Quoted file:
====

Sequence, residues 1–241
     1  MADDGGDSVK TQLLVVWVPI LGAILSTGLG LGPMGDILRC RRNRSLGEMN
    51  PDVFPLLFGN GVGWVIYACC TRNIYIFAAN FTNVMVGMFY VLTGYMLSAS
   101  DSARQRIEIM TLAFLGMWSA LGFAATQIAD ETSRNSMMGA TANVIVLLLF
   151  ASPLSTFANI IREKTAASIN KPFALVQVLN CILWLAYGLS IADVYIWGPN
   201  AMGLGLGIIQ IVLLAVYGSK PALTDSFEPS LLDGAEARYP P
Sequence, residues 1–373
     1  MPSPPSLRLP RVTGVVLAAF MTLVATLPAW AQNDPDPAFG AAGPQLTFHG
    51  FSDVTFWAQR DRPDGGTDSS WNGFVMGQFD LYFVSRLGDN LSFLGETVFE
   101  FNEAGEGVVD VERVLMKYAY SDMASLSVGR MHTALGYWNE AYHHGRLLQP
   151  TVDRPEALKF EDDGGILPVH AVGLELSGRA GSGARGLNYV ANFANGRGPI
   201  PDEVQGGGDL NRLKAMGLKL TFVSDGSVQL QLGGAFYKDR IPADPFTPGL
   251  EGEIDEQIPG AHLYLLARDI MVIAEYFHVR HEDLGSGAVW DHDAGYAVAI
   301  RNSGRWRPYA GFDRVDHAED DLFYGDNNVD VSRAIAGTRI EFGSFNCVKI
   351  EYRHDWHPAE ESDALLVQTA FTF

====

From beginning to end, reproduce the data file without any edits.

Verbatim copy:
Sequence, residues 1–241
     1  MADDGGDSVK TQLLVVWVPI LGAILSTGLG LGPMGDILRC RRNRSLGEMN
    51  PDVFPLLFGN GVGWVIYACC TRNIYIFAAN FTNVMVGMFY VLTGYMLSAS
   101  DSARQRIEIM TLAFLGMWSA LGFAATQIAD ETSRNSMMGA TANVIVLLLF
   151  ASPLSTFANI IREKTAASIN KPFALVQVLN CILWLAYGLS IADVYIWGPN
   201  AMGLGLGIIQ IVLLAVYGSK PALTDSFEPS LLDGAEARYP P
Sequence, residues 1–373
     1  MPSPPSLRLP RVTGVVLAAF MTLVATLPAW AQNDPDPAFG AAGPQLTFHG
    51  FSDVTFWAQR DRPDGGTDSS WNGFVMGQFD LYFVSRLGDN LSFLGETVFE
   101  FNEAGEGVVD VERVLMKYAY SDMASLSVGR MHTALGYWNE AYHHGRLLQP
   151  TVDRPEALKF EDDGGILPVH AVGLELSGRA GSGARGLNYV ANFANGRGPI
   201  PDEVQGGGDL NRLKAMGLKL TFVSDGSVQL QLGGAFYKDR IPADPFTPGL
   251  EGEIDEQIPG AHLYLLARDI MVIAEYFHVR HEDLGSGAVW DHDAGYAVAI
   301  RNSGRWRPYA GFDRVDHAED DLFYGDNNVD VSRAIAGTRI EFGSFNCVKI
   351  EYRHDWHPAE ESDALLVQTA FTF